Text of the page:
The Copley community got together Tuesday night to remember an event a year ago that changed their lives.
Hundreds returned to Copley Community Park a year after seven people were killed in a Sunday morning rampage.
Like last year, Pastor Jeff Bogue of Grace Church was leading friends, family and community members in remembering those who are no longer with us.
"I know that I can say on behalf of the family members that they're grateful you're here," Pastor Bogue told the crowd, "and grateful that you remember those that were lost, and they feel your love and prayer and support, and appreciate all that you're doing."
Autumn Johnson's aunt, Lisa Boggs, says the Johnson family has had to deal with another tragic death recently...but the family has grown closer.
"Autumn's mom had to bury her twin sister a year after she let go of her daughter," Boggs explains to AkronNewsNow.com. "But, the blessing in it all is that I have a sister. I've had a sister for a week, but it feels like I've had her for a lifetime."
The tragedy affected the friends and classmates of Autumn Johnson and Amelia Shambaugh, who both attended Copley High School.
Dawson Mancabelli, who was in Amelia's history class, recalls how she brought joy and laughter to every situation.
"We had this really old history teacher and he would call her Amy and she never liked that, so she would tell him 'My name's Amelia,' Dawson said with a laugh.
"She was a really cool person, and she had a bubbly personality."
Dawson said that personality was missing from the hallways this past school year.
A young man named Daiga says Amelia made an impression on everyone, including himself.
"She was the nicest and sweetest person I had ever met in my life," he said.
A couple young ladies in attendance recalled how Autumn Johnson was starting to overcome some personal issues before her life was cut short.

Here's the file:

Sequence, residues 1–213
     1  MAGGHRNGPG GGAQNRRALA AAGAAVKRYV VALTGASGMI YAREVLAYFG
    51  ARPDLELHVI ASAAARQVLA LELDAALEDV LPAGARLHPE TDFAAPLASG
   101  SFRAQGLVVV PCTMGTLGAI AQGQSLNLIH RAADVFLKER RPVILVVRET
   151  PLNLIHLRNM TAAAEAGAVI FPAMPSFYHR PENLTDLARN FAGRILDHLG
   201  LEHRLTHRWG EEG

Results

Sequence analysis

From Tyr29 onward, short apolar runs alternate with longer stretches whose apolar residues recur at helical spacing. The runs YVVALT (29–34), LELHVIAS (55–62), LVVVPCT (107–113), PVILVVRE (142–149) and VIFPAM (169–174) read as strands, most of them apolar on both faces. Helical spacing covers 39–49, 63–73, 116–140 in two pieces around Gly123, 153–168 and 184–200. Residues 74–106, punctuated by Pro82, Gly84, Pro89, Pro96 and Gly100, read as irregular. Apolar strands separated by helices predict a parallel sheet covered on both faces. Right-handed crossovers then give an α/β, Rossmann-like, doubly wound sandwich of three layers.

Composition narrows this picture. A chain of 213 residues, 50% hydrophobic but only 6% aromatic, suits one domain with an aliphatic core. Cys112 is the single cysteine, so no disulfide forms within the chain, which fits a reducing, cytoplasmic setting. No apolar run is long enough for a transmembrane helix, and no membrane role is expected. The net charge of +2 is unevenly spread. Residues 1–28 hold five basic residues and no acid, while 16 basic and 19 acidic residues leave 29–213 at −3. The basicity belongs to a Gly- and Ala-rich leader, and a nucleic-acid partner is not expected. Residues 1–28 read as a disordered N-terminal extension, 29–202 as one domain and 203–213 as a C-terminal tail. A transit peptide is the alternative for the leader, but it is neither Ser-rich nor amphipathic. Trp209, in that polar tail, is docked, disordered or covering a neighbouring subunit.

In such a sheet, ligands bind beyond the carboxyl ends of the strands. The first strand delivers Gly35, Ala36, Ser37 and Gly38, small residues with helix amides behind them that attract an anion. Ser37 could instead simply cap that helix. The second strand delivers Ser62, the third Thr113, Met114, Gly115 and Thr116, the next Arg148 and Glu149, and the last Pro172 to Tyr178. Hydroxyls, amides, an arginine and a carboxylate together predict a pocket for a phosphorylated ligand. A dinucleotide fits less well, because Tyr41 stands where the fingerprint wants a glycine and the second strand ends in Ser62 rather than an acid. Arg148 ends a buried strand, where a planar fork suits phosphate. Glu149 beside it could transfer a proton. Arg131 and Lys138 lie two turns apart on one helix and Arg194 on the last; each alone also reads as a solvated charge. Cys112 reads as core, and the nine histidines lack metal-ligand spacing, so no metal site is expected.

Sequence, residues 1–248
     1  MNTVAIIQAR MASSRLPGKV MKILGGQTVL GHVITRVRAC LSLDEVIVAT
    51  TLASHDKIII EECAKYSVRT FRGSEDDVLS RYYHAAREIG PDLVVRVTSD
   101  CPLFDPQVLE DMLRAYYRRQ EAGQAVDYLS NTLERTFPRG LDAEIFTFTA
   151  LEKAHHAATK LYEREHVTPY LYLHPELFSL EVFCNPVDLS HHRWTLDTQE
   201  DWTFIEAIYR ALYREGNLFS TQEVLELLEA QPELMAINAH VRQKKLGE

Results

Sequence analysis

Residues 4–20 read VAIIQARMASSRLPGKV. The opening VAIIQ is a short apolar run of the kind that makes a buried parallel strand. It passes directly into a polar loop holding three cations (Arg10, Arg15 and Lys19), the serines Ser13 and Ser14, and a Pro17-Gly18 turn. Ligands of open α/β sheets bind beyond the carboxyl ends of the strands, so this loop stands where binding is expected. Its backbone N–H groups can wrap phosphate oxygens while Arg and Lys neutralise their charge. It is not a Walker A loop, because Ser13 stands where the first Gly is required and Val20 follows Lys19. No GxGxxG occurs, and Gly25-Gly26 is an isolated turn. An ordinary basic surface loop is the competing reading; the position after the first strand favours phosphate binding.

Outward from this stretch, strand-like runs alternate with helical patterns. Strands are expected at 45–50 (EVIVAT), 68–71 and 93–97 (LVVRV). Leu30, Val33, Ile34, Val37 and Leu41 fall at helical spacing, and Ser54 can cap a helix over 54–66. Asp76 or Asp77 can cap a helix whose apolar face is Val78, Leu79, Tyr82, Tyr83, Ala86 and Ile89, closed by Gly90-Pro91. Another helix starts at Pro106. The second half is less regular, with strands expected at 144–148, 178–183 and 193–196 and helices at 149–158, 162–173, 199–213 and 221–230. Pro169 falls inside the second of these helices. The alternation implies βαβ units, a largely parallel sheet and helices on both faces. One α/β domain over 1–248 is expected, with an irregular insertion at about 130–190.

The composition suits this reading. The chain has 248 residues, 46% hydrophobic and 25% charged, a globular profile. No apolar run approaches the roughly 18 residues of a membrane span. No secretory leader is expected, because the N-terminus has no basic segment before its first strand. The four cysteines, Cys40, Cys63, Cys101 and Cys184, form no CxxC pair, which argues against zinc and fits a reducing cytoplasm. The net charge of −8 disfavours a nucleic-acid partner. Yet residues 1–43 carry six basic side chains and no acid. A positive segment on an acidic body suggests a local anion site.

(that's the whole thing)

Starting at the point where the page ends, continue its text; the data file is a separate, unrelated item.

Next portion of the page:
"I ask myself why did this have to happen to her," said Amy Nieman.
"She had been going through a lot of issues and she finally became herself again just before she died."
Those who remember Autumn and Amelia the most say that the events of Tuesday night gave people a chance to remember their lives, instead of mourning their deaths.
One woman accompanied Rebecca Dieter, the lone survivor of the rampage, and said that she was supporting her friend...and the other families who lost loved ones.
"We're here to support not only Becky, but the other people who lost loved ones, and it's been tough on all of us," she explained.
The events of August 7, 2011 would certainly stick in anyone's mind, but Copley Township police Officer Ben Campbell - who fired the final shot that ended the rampage - says "time is his friend" in moving on from those moments.
"The first couple of months it was always in my head, and something that I thought about a lot and replayed a lot," Officer Campbell explained to AkronNewsNow.com, "but with each month and week since then, I think about it less and less."
Campbell says he's gotten support from not only his department and other officers, but from the Copley community.
Tim Lenehan says the already close knit Copley community has shown a lot of solidarity in the past year, despite the tremendous losses experienced one year ago.
"People aren't strangers anymore," he said.
Seven purple balloons were released in honor of the shooting victims...and then hundreds of yellow balloons were released into the sky for the community.